Three hacks to create unforgettable maker projects in your classroom or library

Being an educator is exhausting and something it can be difficult to come up with new, exciting ideas that make students passionate about learning. Luckily for you, we share our secrets at the MakerBus and we’ve made a top three list of “hacks” that will help create unforgettable maker projects in your classroom or library each and every time.

These ideas work on pretty much any project and work with virtually any budget and have allowed us to engage children, youth, and adults in unforgettable maker education projects.

#1 If it’s small, make it BIG. If it’s BIG, make it small

Playing with the size of maker projects is a great way to make them unforgettable. Take the classic challenge of building a tower using only spaghetti, string, tape, and a marshmallow (if you’ve never try this challenge, check out the video below) as an example.

By itself this challenge is a fantastic way to encourage team building and creative thinking. While fun, building a tower that’s only 6-12 inches lacks a *wow* factor.

What if we made this same project BIG?

Our riff on the spaghetti/marshmallow tower is to give students 8 bamboo rods, 12 zipties, 10 feet of rope, and a pool noodle. Their goal is to build the tallest free standing structure that can support the weight of the pool noodle at the top. The changes the project from building 10 inch towers to building 10+ foot towers.


This technique works on all sorts of maker projects. Student bored of origami? What if you made origami creations out of sheets of newspaper? Are you not excited about making more spaghetti bridges? Why not grad some unwanted construction materials and see if your students can build an actual bridge? Scaling up your maker projects can create some huge educational engagement.

Or, you can go the opposite way and make your maker projects tiny. Tiny maker projects are a fantastic way to work on younger learner’s fine motor skills. Teens and adults love tiny projects because they’ve got a huge cute factor. Making tiny origami or tiny felted animals is adorable.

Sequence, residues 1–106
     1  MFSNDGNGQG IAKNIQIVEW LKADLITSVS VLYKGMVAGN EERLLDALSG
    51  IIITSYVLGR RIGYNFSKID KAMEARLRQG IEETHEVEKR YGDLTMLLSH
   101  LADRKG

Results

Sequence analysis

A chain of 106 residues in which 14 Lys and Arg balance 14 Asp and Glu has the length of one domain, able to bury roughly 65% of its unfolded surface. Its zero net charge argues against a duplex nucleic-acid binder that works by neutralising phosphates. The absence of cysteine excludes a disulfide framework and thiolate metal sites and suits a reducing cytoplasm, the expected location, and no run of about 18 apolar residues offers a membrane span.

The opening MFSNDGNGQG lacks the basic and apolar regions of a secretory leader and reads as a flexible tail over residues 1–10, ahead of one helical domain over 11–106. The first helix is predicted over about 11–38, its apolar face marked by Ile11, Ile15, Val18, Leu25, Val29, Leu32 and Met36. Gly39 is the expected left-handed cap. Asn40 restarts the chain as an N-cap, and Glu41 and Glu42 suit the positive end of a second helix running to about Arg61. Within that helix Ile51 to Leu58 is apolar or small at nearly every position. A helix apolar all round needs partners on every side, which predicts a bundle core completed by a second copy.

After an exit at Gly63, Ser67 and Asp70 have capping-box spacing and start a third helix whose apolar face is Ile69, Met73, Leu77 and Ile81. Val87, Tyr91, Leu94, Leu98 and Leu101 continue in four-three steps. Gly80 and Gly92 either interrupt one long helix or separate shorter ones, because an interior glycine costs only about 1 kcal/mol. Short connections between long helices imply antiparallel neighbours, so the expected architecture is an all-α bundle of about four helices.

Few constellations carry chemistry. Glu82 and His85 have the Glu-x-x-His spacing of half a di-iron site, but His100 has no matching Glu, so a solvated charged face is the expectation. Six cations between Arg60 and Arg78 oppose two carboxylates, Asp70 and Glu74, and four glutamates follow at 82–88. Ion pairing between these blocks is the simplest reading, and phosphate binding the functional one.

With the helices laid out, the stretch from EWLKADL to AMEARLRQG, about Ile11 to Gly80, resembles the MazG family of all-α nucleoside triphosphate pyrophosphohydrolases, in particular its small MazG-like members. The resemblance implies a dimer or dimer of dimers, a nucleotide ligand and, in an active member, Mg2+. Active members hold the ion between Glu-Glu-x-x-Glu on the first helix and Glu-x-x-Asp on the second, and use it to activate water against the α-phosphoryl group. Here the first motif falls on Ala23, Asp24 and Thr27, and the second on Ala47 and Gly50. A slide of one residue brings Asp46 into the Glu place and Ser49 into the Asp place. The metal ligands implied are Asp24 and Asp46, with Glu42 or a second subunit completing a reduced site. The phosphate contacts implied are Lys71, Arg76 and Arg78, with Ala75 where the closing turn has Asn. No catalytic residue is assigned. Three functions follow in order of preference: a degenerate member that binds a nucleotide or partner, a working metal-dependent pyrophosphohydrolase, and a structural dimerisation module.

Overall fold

Whether you go BIG or small playing around with size is a great maker education hack!

#2 Make millions of it

Do you what’s cooler than one throwie? A thousand throwies. The more of something you make, the cooler it becomes. This is where school and library makerspaces have a huge advantage over traditional makerspaces – schools and libraries have huge built-in audiences. If a school of 1000 students wants to build 10,000 throwies, they just need each student to make 10 throwies. If a traditional makerspace with 50 members wants to make 10,000 throwies, you better break out the pizza and coffee because you’re going to be there all night.

If you’re a school or a library makerspace, use your numbers to your advantage and make a tonne of something. If you’re worried about where you’re going to find the budget to make a tonne of something, put out a call to your community. Ask community members to drop off unwanted building materials like cardboard, broken electronics, or craft supplies.

When the MakerBus wanted to build a life-sized school bus out of cardboard for the Detroit Maker Faire, out team drove around to restaurants all night asking for their unwanted cardboard. Don’t do what we did – let you community fill your makerspace with supplies.


#3 Don’t play fair

This is one of my favourite tactics. You can make a maker project more engaging by playing around with the rules. If you ask someone to measure a distance using a tape measure, it’s a fairly easy task. If you ask someone to measure a distance without using a tape measure, it suddenly become a creative thinking challenge.

Try reviewing your normal maker projects and removing one key tool or instruction. Challenge students to build a Lego structure without the instructions. Try giving two students slightly different instructions and see if they can work together to figure out the right path.

If you toy with students’ expectations, they will engage more deeply in a project. Challenge them, push them, remind them that creative solutions can overcome any obstacle.

What are your favourite maker hacks? Share them with us in the comments and we’ll test them out!

If you liked this article, why not follow the MakerBus on twitter (@DHMakerBus) or like us on Facebook (/dhmakerbus)? We post some of the most creative maker projects found on the web every day. If you #getonthebus, we promise a fun ride!

-Ryan Hunt


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